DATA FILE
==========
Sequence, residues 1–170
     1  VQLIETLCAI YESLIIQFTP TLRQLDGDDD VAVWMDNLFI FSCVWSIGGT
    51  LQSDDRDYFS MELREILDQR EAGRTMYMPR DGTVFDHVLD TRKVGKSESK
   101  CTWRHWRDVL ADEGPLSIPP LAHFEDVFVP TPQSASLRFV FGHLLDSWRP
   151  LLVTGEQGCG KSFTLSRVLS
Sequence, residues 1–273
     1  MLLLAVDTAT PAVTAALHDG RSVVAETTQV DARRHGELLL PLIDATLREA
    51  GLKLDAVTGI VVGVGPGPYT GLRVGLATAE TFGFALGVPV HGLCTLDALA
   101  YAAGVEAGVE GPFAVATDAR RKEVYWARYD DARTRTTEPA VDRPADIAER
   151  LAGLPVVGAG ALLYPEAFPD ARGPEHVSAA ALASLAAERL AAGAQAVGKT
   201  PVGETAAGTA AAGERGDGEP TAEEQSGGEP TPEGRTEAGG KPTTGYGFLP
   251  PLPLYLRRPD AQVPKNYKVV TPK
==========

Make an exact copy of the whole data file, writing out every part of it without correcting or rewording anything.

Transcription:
Sequence, residues 1–170
     1  VQLIETLCAI YESLIIQFTP TLRQLDGDDD VAVWMDNLFI FSCVWSIGGT
    51  LQSDDRDYFS MELREILDQR EAGRTMYMPR DGTVFDHVLD TRKVGKSESK
   101  CTWRHWRDVL ADEGPLSIPP LAHFEDVFVP TPQSASLRFV FGHLLDSWRP
   151  LLVTGEQGCG KSFTLSRVLS
Sequence, residues 1–273
     1  MLLLAVDTAT PAVTAALHDG RSVVAETTQV DARRHGELLL PLIDATLREA
    51  GLKLDAVTGI VVGVGPGPYT GLRVGLATAE TFGFALGVPV HGLCTLDALA
   101  YAAGVEAGVE GPFAVATDAR RKEVYWARYD DARTRTTEPA VDRPADIAER
   151  LAGLPVVGAG ALLYPEAFPD ARGPEHVSAA ALASLAAERL AAGAQAVGKT
   201  PVGETAAGTA AAGERGDGEP TAEEQSGGEP TPEGRTEAGG KPTTGYGFLP
   251  PLPLYLRRPD AQVPKNYKVV TPK